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Financial Conduct Authority (FCA)
The Financial Conduct Authority has explained why Tesco Bank has been landed with a £16.4m fine.
It said that in November 2016 cyber attackers exploited deficiencies in Tesco Bank’s design of its debit card, its financial crime controls and in its Financial Crime Operations Team.
The deficiencies left Tesco Bank’s personal current account holders vulnerable to a largely avoidable incident that occurred over 48 hours and which netted the cyber attackers £2.26m, the FCA said.
Mark Steward, executive director of enforcement and market oversight at the FCA, said: “The attack was the subject of a very specific warning that Tesco Bank did not properly address until after the attack started.
"This was too little, too late. Customers should not have been exposed to the risk at all."
Following the supercomplaint from Citizens Advice about loyal customers being ripped off, FCA chief executive Andrew Bailey says:
Citizens Advice have raised a number of important issues and we will work closely with the CMA as they investigate this super-complaint. We expect firms to look after the interests of all customers and treat them fairly, whether they are new or longstanding. It is important to get the balance right so that existing customers do not miss out on the benefits of competition and innovation, including when the purchase or renew their general insurance products.
The UK's Financial Conduct Authority (FCA) has cleared four life insurance companies under investigation for alleged mistreatment of customers.
The watchdog said its scrutiny of Abbey Life, Old Mutual, Prudential and Countrywide did not warrant enforcement action.
However, it had uncovered some issues at each firm which would be addressed as part of its ongoing supervision of those firms.
The FCA launched the investigation following publication of a review of 11 life insurance firms in March 2016.
Investigations into Police Mutual and Scottish Widows were closed earlier without action.
BBC Radio 5 live
For those people who are concerned if they are being scammed by someone who wants to invest their pension savings elsewhere, Circle Financial Services Louise Claro says they should check with the Financial Conduct Authority and its ScamSmart website.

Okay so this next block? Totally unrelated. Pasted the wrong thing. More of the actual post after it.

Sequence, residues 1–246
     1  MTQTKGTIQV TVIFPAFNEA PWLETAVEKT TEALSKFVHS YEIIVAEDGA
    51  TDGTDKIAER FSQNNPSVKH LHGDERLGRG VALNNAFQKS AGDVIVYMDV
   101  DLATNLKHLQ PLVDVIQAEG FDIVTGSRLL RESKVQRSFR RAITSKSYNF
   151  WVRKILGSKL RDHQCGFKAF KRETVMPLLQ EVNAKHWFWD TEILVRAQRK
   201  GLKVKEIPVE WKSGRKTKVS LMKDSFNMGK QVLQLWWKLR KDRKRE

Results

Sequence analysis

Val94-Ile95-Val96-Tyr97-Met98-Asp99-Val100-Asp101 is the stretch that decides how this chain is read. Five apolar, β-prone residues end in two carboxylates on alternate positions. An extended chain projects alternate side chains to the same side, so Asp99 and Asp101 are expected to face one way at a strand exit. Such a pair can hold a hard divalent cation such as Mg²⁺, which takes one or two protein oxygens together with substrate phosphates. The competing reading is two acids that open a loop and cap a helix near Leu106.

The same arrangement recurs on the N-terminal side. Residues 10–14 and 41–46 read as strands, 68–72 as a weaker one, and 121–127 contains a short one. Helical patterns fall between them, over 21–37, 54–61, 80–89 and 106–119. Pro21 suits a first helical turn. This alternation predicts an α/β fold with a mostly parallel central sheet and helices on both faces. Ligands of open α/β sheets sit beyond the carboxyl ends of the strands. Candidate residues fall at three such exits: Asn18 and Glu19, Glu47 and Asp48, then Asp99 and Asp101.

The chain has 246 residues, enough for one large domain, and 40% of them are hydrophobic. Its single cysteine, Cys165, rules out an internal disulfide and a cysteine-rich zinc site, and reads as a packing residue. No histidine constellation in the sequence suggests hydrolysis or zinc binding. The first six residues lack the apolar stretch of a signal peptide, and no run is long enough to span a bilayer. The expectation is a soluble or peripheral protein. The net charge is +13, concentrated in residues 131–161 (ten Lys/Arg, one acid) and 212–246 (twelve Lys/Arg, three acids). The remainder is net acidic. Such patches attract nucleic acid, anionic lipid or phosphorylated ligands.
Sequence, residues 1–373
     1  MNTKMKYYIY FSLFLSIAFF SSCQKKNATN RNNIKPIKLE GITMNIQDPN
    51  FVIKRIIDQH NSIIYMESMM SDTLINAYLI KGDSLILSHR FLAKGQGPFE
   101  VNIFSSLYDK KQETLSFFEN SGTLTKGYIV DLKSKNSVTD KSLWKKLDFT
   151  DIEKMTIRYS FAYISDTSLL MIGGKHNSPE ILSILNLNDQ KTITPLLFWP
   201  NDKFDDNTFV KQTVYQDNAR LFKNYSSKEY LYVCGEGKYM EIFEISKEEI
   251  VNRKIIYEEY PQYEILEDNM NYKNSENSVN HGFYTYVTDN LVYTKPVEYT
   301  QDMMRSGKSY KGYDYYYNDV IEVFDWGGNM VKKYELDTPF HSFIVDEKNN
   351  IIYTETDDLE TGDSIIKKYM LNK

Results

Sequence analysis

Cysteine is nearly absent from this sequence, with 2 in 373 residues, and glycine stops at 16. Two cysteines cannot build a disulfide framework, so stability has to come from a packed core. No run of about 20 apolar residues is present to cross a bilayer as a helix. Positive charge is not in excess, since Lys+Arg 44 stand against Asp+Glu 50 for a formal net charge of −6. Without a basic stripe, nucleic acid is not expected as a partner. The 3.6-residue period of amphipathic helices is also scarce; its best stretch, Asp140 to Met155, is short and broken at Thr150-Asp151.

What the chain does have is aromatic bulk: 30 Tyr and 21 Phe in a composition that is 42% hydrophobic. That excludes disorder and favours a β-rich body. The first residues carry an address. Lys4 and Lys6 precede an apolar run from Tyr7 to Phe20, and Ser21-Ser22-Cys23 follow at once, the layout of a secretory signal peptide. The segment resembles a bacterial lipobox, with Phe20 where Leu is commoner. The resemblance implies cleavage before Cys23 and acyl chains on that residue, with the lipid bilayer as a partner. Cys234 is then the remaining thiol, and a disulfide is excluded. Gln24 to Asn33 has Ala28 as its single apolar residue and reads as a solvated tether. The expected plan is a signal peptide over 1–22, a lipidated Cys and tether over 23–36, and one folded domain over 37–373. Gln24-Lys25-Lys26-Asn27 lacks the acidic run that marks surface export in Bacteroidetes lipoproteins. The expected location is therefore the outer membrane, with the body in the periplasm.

She says: "It asks you a series of very simple questions and what it will do at the end is tell you whether that company that you are engaging with is either on the hit list of the naughty step, as I call it, or not.
"It doesn't mean that you've got a get out of jail free card and should carry on, it is just that first step process of checking...what I would recommend, if the company isn't on the FCA register, you should just not deal with them."
The FCA has released a statement discussing the decision it made following the independent review of RBS's treatment of small and medium-sized enterprise customers transferred to its Global Restructuring Group (GRG).
“We have consulted with independent, external leading counsel who has confirmed that the FCA’s conclusions are correct and reasonable," said the FCA's chief executive Andrew Bailey.
“I appreciate that many GRG customers will be frustrated by this decision but we have explored all the options available to us before arriving at this conclusion.
“The fact that we can’t take action in no way condones the behaviour of RBS. We expect high standards from the firms we regulate and RBS fell well short in its treatment of GRG customers."
Mr Bailey added that the FCA strongly felt that all the companies that suffered loss as a result of how they were treated by the GRG "must be appropriately compensated".
The FCA is now "closely monitoring" the complaints process overseen by Sir William Blackburne to ensure that things are put right.
And due to the Senior Managers Regime legislation introduced in 2016, the FCA says that it will be able to hold senior managers of banks to account for the way business customers are treated.